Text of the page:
5 Lessons Companies Can Learn from the "Prince" Brand
Mike Coughlin, Founder, Digital Blue Creative
With the recent death of global superstar Prince, people are looking back at this music and pop culture innovator in awe. As a brilliant musician, entertainer, cultural trendsetter, businessman, and brander, Prince is a shining example for any brand seeking eternal fame. Here are five tips entrepreneurs and brand marketers can learn from the extraordinary life and career of Prince:
1) Dare To Be Bold
There's a famous Latin saying, "Fortuna Audaces Iuvat" or "Fortune Favors the Bold." In other words, people who aren't afraid to take risks have the most to gain. Prince certainly lived by these words, pushing the limits of artistic freedom, style, and sexuality to their extremes. He was provocative, which contributed greatly to his world-renowned success and net worth of around $300 million
Thanks to the internet and social media revolution, producing “content” and sharing it around the globe has never been easier. Anyone can build a website on SquareSpace.com, write a 95 character ad on Google, and send out social media posts across multiple platforms using Hootsuite. Marketing has never been easier, right? Think again. Just because you can produce something called “content” doesn’t mean that anyone will read, view, share, or connect with what you’re posting.
Technology is leveraged as a medium to deliver a message, but it’s not guaranteed that people will be inspired to relay that message. Successful branding requires a bold, artistic vision that integrates imagery, colors, sounds, and purpose into a compelling narrative. This influences people to take action.
2) Be Truly Authentic
Upon hearing of Prince's death, thousands of complete “strangers” lined the streets outside of his Minneapolis home in tears, saddened by his death. Even though most had never met him in person, Prince's authentic nature turned strangers into cult-like followers who would do anything and pay anything to see him perform.
When it comes to building relationships, authenticity is king. Consumers are drawn to genuine people and brands, while the fake brands are discarded unconsciously. Authentic brands create movements and fanatics, not just customers. Your brand should be true to its story and appeal to something more than just making money.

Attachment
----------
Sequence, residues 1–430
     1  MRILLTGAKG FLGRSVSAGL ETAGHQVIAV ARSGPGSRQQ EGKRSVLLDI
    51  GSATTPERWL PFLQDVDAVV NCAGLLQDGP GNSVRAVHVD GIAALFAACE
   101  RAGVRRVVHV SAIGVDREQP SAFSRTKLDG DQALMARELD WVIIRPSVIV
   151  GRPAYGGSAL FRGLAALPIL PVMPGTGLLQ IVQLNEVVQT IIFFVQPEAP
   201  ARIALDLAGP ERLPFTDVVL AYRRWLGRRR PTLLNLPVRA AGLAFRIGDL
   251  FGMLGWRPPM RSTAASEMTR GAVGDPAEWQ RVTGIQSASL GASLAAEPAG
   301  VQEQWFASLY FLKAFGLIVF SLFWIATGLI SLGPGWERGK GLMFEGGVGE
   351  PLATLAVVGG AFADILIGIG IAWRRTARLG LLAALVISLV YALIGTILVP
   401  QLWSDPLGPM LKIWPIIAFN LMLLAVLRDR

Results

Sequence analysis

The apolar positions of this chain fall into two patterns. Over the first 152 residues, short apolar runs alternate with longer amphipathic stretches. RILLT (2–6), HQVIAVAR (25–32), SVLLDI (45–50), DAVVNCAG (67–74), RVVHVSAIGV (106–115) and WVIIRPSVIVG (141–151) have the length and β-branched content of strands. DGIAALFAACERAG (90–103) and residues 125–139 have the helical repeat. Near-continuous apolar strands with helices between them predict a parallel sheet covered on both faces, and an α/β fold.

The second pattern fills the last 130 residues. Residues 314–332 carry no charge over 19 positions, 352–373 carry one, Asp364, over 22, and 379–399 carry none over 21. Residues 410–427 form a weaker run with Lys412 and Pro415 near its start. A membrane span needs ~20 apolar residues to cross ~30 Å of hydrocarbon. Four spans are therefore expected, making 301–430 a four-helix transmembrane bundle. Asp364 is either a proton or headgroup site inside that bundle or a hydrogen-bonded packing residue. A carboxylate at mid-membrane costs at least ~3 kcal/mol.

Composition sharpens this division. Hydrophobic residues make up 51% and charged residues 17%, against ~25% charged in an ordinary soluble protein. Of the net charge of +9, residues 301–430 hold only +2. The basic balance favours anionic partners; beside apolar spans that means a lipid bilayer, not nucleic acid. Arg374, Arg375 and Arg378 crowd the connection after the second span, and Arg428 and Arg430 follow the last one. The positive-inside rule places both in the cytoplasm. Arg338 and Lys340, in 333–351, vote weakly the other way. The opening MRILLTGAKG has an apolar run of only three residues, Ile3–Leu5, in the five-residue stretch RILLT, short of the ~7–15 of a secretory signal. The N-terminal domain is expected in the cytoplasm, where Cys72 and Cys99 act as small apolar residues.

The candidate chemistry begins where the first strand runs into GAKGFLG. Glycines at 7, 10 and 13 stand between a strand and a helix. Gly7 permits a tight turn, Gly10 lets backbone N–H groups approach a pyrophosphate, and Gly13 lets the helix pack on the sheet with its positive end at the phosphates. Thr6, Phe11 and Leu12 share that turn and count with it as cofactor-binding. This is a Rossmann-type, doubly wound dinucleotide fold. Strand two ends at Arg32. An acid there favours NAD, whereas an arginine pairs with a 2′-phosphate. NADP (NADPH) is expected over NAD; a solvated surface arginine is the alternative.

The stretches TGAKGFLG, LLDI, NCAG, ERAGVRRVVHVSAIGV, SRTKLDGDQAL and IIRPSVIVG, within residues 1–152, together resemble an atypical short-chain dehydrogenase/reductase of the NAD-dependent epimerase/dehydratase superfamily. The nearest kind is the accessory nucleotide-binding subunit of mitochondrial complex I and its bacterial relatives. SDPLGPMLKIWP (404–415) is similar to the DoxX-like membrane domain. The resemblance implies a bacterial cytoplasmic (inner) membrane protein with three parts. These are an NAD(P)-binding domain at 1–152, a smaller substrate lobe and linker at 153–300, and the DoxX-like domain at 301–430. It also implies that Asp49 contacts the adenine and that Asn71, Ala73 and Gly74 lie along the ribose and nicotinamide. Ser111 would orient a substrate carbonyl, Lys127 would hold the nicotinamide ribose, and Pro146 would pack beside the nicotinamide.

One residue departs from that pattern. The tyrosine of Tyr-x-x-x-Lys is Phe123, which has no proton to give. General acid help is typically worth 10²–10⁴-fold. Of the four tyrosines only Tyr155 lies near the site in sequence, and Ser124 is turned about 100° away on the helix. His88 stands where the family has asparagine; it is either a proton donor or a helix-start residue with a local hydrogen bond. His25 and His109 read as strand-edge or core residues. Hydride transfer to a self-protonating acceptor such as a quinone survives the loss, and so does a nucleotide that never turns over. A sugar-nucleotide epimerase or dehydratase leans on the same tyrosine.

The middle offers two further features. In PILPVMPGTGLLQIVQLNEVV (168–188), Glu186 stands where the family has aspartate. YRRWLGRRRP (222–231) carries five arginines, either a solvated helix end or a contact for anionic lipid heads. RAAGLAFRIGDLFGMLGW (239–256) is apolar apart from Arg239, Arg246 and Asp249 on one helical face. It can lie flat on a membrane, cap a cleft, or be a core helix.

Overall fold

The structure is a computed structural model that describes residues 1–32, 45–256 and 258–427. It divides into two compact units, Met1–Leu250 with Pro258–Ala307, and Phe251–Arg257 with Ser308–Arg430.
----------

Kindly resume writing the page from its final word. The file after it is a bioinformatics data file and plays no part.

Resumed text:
3) Radiate in Vibrant Color
As Jimmy Fallon put it on a recent memorial broadcast of SNL, Prince “owned” the color purple. When you think of purple, you think of Prince. No doubt about it.
Whether it’s an actual color or quirk of personality, color is what will differentiate your brand from the rest. Does your brand stand out as vibrant and unique in a marketplace flooded with grey? Do your customers associate your brand with a specific and vibrant color? In either case, don’t be grey. Be different. Just ask the Purple Cow, which will inspire you to “transform your business by being remarkable.”
4) Evoke Deep Emotions
Although some of Prince’s greatest hits were produced in the 70s and 80s, the emotions evoked by his music continue to connect with multiple generations. People have listened to Prince on vinyl, cassette tapes, CDs, and now in digital format. It wasn't the technology or distribution method that made people purchase Prince's albums; it was the message behind his music.
When you create a strong emotional connection with people, they will follow your brand from one technological fad to the next. Whether it's on Facebook, Twitter, Snapchat, or whatever is going to replace these tools someday, a powerful message will outlast any medium. The rest will be forgotten.
5) Shatter Boundaries
If you were to ask someone what type of music Prince produced, they could reply with one of many things. They could say he produced funk, blues, jazz, rock, R&B, soul, hip-hop, or all of the above. Prince broke all of the genre boundaries and even broke down race lines. You couldn't quite put him in to any one category. He didn't produce "black music" or "white music." He produced music that moved you, physically and emotionally. He even crossed industries with feature films like "Purple Rain” and the lesser known “Under the Cherry Moon.” Prince didn’t follow trends, he created them.
In the world of business, all too often companies get trapped in fierce head to head competition within set market boundaries. Boundaries limit creative thinking and growth. When it comes to your brand, don't confine your thinking to the bounds of your competition. Think different, be bold, and go a little bit crazy! Now channel your inner purple and share it with the world.
About the Author
Mike Coughlin has 12 years of experience of working in the digital marketing space with core competencies in marketing analytics consulting, search engine optimization, social media, global paid search management, and video production.
Throughout his career, Coughlin gained a wide range of knowledge and experience working with global companies in almost every industry, including Sony Music, SAP, Four Seasons Hotels, Humana, Wharton School of Business, Scholastic, National Grid, BMW, Boston.com, DirecTV, O’Neill, and Boston Globe.Coughlin has also spoken at Search Engine Strategies Conference (now called ClickZ Live).
With a bachelor’s degree from Boston University, Coughlin is the owner of Digital Blue Creative, a full-service digital advertising agency in Boston. Recently, he has also become the executive producer of a number of creative videos and is launching a lifestyle apparel company #BlueOceanLife.
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